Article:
"Machan's work is perhaps as valuable for the extraordinary assembly of historical commentary on language change as for his essential thesis that language anxiety is symptomatic of anxiety about other major tumultuous events in society, including the demise of national identity through immigration, social dissolution in general, or the shoring up of power and privilege by those who already have it. It is a truly fascinating book."—Discourse and Society

Read More Show Less

Product Details

  • ISBN-13: 9780199232123
  • Publisher: Oxford University Press
  • Publication date: 2/15/2009
  • Pages: 312
  • Product dimensions: 6.10 (w) x 9.30 (h) x 1.00 (d)

Meet the Author

Tim William Machan is Professor of English at Marquette University. He has published extensively on medieval language and literature and has edited texts in Middle English, Old Norse, Latin, and French. His books include Textual Criticism and Middle English Texts (University Press of Virginia, 1994), English in its Social Contexts (edited with C. T. Scott, OUP, 1992), English in the Middle Ages (OUP 2003, paperback edition 2005), Sources of the 'Boece' (Georgia, 2005), and Chaucer's 'Boece' (Carl Winter, 2008).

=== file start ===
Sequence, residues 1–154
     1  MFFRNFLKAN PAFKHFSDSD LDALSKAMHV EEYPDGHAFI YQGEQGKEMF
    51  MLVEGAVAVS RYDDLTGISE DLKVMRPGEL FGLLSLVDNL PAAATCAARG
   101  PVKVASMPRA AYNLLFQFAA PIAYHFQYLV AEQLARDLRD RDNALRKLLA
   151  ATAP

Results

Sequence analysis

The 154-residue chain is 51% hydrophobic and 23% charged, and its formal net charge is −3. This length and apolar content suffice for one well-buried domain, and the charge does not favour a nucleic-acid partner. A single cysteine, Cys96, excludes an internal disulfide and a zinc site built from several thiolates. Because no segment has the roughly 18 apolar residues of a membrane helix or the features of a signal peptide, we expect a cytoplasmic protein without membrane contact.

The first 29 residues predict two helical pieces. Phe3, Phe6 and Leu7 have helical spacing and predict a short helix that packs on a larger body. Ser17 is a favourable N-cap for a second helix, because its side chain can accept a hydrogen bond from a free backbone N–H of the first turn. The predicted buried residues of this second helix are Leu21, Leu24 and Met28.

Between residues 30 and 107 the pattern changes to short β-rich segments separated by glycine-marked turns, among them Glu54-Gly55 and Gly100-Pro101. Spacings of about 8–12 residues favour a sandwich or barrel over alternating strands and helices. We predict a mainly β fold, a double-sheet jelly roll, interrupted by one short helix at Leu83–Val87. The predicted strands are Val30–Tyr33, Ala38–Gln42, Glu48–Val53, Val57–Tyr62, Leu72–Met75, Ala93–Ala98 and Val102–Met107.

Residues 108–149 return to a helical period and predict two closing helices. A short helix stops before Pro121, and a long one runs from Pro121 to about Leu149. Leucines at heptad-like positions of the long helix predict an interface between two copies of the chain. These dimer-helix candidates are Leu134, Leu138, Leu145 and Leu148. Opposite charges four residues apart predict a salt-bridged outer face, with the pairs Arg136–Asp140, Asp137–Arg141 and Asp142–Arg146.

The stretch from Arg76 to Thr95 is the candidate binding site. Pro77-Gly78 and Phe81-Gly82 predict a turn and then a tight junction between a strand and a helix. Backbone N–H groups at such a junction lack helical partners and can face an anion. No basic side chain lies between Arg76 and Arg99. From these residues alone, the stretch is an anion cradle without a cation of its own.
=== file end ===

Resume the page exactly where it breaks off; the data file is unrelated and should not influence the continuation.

Read More Show Less

Table of Contents

1. Language, Change, and Response
2. A Moveable Speech
3. Narratives of Change
4. Policy and Politics
5. Say the Right Thing
6. Fixing English

Read More Show Less

Customer Reviews

Be the first to write a review
( 0 )
Rating Distribution

5 Star


4 Star


3 Star


2 Star


1 Star


Your Rating:

Your Name: Create a Pen Name or

Barnes & Review Rules

Our reader reviews allow you to share your comments on titles you liked, or didn't, with others. By submitting an online review, you are representing to Barnes & that all information contained in your review is original and accurate in all respects, and that the submission of such content by you and the posting of such content by Barnes & does not and will not violate the rights of any third party. Please follow the rules below to help ensure that your review can be posted.